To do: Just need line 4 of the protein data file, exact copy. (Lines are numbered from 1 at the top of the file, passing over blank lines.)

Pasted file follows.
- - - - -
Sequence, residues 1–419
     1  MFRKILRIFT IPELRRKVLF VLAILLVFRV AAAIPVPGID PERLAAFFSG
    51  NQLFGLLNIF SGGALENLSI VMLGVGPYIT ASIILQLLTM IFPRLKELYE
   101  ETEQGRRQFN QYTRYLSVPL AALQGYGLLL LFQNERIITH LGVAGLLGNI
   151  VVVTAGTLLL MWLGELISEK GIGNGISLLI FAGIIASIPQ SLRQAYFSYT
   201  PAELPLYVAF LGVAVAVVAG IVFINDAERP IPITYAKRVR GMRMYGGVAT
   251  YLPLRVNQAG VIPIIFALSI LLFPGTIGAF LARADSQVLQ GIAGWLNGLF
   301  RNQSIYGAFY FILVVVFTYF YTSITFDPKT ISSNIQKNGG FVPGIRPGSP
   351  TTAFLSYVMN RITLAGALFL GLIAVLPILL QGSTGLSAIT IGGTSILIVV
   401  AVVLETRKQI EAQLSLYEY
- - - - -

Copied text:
   101  ETEQGRRQFN QYTRYLSVPL AALQGYGLLL LFQNERIITH LGVAGLLGNI